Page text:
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BorderWatch:Iran
Archive: July 2007
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Iran Factor
Ahmadinejad, Assad Slated to Discuss Regional, International Issues
07/15/2007 2:11 PM ET
This will be Mahmoud Ahmadinejad's second visit to Syria since becoming Iran's president two years ago.

Syrian President Bashar Assad has visited Iran five times since he became president seven years ago.

Here's the report from the Iranian FARS news agency.

Iran Factor
Ahmadinejad Ready After US Allows Meeting With Iranian Detainees
07/10/2007 11:05 AM ET
Iranian President Mahmoud Ahmadinejad
AFP/Getty
Iranian President Mahmoud Ahmadinejad

Expectations are rising that another meeting between Iranian and US representatives may be in the planning stages after President Mahmoud Ahmadinejad on Monday signaled readiness for the second round.

This past weekend, the US military allowed an Iranian delegation to visit five Iranian detainees held since January, satisfying what is widely assumed to have been Ahmadinejad's requirement for a second diplomatic encounter between the two nations. The US contends the five detainees belong to the Quds force and were fomenting the insurgency, but Tehran claims they are diplomats who were seized from an Iranian consulate facility.

The meeting took place at a U.S. military facility in or near Baghdad, Iraqi Foreign Minister Hoshyar Zebari told The L.A. Times.

"We've been working on this for quite some time, to organize a consular visit for the Iranian Embassy to visit their detainees with the U.S. military," Zebari said. "I think it's a good gesture."

On Saturday morning, a U.S. military unit picked up Iran's ambassador to Iraq, Hassan Kazemi-Qomi, and two other diplomats at Iraq's Foreign Ministry in Baghdad, and took them to see the detainees, Zebari said.

"It was a courtesy extended by Multi-National Forces-Iraq in response to a request by the Iranian government," said U.S. Embassy spokesman Philip Reeker.

But Reeker said the visit did not indicate any progress had been made toward holding a second meeting between the United States and Iran.

But Monday, Ahmadinejad indicated newfound willingness for contact with the US: "We are ready to help preserve unity in Iraq ... and establish peace and security there," he was quoted as saying by the official IRNA news agency.

"We did not reject the first round of talks ... The situation is the same now ... We are ready to help."

The head of Iraq's Supreme Islamic Council, Seyyed Abdul Aziz Hakim, currently in Tehran for medical treatment, also said on Monday that both Iran and the United States are ready for the second round of talks on Iraq's security, but they are waiting for an improvement in situations to reach better results.

"Both sides have had a positive evaluation of the first round of talks. As far as I am informed both sides are ready for the second round of talks," he said in an interview with ISNA.

The State Department has yet to officially acknowledge any change in tone from Iran, but did announce Monday morning that Secretary Rice would travel to the Middle East, Africa, and Europe July 16-20. Jerusalem and Ramallah are the only two scheduled stops in the Middle East, but trips into Iraq are rarely announced in advance.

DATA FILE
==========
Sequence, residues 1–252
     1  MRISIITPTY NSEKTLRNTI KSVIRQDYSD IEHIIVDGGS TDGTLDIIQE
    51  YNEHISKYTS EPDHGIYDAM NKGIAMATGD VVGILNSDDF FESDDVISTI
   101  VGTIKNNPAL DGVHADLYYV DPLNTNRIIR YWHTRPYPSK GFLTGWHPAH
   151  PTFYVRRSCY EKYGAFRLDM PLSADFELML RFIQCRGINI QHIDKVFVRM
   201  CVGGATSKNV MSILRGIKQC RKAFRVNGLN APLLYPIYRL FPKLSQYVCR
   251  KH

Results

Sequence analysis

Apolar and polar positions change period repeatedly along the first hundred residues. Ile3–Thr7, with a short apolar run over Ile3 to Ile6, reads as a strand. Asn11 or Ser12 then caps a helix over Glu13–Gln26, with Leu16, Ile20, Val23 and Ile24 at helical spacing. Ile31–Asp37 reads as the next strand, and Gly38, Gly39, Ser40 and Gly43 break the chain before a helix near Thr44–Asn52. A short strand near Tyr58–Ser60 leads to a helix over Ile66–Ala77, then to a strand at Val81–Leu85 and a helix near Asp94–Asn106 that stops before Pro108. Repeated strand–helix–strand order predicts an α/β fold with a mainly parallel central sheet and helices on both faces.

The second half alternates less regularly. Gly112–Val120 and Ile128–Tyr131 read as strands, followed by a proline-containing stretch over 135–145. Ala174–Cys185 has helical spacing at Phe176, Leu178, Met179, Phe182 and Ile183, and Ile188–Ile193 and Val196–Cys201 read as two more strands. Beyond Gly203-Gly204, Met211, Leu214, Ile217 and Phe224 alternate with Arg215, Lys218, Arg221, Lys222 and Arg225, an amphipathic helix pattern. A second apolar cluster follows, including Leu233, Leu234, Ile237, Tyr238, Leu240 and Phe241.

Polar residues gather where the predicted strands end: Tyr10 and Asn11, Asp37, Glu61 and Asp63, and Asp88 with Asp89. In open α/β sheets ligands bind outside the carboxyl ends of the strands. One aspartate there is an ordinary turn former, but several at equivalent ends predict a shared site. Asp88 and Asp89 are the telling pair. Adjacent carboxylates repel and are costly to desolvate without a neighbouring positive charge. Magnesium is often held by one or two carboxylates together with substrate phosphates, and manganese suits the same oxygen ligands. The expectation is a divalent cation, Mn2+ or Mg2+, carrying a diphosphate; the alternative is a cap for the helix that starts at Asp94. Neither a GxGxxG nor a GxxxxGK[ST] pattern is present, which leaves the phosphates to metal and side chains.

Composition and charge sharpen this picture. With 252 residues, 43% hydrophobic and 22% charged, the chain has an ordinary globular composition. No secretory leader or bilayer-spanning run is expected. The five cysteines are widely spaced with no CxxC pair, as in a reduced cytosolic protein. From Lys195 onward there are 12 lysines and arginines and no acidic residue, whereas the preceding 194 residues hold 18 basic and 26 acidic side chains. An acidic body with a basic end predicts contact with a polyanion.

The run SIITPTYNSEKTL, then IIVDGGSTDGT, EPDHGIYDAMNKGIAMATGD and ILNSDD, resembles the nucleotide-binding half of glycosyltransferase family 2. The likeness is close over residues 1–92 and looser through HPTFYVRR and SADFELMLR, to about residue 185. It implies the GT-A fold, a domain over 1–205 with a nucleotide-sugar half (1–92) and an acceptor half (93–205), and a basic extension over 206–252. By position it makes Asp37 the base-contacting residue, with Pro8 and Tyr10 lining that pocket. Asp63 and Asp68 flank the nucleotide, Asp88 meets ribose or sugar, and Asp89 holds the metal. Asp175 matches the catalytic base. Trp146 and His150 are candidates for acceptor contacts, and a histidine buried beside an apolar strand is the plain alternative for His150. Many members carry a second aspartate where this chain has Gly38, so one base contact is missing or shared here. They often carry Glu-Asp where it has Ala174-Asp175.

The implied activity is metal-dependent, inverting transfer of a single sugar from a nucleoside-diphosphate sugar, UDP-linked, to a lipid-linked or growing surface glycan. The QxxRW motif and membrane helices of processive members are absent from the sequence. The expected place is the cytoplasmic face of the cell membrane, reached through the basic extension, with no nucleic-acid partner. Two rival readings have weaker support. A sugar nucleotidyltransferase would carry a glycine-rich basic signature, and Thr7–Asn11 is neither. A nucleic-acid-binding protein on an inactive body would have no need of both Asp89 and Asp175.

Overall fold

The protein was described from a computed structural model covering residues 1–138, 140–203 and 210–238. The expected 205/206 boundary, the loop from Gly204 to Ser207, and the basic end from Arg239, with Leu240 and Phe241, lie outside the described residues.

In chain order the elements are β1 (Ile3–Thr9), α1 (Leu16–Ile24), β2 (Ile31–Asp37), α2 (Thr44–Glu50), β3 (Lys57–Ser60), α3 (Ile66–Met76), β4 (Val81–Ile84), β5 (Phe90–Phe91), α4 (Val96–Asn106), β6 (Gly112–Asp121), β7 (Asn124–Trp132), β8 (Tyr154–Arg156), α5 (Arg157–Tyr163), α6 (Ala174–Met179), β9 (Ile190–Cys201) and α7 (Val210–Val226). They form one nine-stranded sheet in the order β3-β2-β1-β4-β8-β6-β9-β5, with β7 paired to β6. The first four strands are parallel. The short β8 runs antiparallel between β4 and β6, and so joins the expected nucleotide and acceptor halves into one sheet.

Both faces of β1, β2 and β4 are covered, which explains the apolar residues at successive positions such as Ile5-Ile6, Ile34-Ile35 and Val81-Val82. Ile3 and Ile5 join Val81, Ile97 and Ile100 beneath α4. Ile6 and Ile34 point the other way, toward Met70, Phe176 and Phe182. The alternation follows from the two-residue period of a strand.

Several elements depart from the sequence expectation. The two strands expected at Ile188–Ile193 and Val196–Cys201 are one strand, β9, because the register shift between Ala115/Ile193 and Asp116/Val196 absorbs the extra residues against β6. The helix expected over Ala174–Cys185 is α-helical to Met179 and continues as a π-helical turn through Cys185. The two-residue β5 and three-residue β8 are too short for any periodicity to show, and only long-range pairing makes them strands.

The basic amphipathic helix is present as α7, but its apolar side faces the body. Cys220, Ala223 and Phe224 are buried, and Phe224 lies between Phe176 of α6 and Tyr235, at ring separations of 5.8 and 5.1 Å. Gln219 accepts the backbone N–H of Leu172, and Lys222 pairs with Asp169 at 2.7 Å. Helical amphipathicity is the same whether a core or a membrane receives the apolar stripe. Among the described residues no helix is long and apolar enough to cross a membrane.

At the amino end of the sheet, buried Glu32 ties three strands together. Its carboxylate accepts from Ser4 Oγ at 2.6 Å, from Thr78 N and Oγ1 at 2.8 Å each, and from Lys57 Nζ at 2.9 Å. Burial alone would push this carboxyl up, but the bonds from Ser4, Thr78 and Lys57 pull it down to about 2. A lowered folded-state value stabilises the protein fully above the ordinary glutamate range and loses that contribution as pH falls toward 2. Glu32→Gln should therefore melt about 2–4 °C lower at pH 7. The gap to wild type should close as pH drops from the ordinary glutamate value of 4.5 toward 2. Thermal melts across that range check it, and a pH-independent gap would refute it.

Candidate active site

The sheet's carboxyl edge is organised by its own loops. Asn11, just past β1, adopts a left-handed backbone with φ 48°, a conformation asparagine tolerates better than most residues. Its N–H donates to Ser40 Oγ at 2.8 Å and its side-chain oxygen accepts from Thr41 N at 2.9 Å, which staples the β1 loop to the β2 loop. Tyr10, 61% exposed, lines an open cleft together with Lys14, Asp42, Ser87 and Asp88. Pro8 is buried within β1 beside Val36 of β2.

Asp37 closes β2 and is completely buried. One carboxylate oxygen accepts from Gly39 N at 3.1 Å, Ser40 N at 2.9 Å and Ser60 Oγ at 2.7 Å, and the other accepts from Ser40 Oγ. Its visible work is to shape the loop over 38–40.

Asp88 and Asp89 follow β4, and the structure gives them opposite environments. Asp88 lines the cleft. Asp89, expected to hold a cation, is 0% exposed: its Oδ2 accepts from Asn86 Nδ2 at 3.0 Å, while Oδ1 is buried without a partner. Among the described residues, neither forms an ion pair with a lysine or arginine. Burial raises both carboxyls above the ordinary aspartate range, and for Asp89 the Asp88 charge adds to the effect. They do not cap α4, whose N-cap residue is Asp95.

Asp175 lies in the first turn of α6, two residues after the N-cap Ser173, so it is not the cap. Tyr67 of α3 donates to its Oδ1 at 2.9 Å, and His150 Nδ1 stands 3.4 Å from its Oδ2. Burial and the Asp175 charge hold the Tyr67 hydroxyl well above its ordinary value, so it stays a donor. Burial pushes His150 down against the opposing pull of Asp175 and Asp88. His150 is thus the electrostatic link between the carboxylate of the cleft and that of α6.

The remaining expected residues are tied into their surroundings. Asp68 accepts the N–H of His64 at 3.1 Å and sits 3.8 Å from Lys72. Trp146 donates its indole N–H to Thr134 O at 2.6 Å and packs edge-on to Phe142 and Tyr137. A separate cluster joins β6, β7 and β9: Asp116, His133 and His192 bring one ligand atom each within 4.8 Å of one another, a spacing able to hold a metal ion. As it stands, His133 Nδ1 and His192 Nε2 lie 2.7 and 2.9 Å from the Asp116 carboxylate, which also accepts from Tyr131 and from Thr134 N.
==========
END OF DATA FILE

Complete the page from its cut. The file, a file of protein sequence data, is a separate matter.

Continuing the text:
Iran Factor
US Spokesman: Detainees Implicate Qods Force in Death of Five American Soldiers
07/02/2007 10:29 AM ET
Baghdad, IRAQ: A US solider shows a picture of Ali Mussa Daqduq (L) 02 July 2007 during a press conference at the heavily fortified Green Zone area in Baghdad.
AFP/Getty
Baghdad, IRAQ: A US solider shows a picture of Ali Mussa Daqduq (L) 02 July 2007 during a press conference at the heavily fortified Green Zone area in Baghdad.

Iran's covert Qods Force helped plan a brazen militant assault on US forces that killed five American troops in Karbala in January, according to a US military spokesman.

Brig. Gen. Kevin Bergner told reporters in Baghdad Monday that detainees facing accusations of ordering the Karbala assault have confessed that senior operatives from Iran supported the attack.

According to Bergner, the militants said "senior leadership leading the Quds Force knew of and supported planning for the eventual Karbala attack that killed five coalition soldiers."

Bergner reported the connection was made by a senior Lebanese Hezbollah operative, Ali Mussa Dakdouk, who was captured in southern Iraq on March 20. Bergner claimed Dakdouk served 24 years in Hezbollah and had gone to Iraq "as a surrogate for the Iranian Quds force."

According to Bergner, Dadouk served as a liaison between Iran and Qais al-Kazaali, a former spokesman for cleric Muqtada al-Sadr who now leads his own Shi'ite group. Bergner said al-Kazaali's group carried out the brazen Karbala attack when gunmen, disguised as Americans, tricked their way into a government compound, killing one U.S. soldier immediately and abducting and later killing four others.

Bergner said the attackers spoke English, wore American-looking uniforms and carried U.S.-style weapons, which helped get them through Iraqi checkpoints. Bergner blamed the sophistication of the attack on the Qods Force.

"The Qods Force had developed detailed information regarding our soldiers' activities, shift changes and defences, and this information was shared with the attackers," Bergner said.

Bergner also reported the US had discovered three small camps near Tehran where Qods Force and Hezbollah operatives were training between 20-60 Iraqi Shi'ite militants at any given time.

US commanders have previously accused Iran of financing and arming the Iraqi militants, but this was the first time they have alleged that Iranian officers had prior knowledge of the attack.

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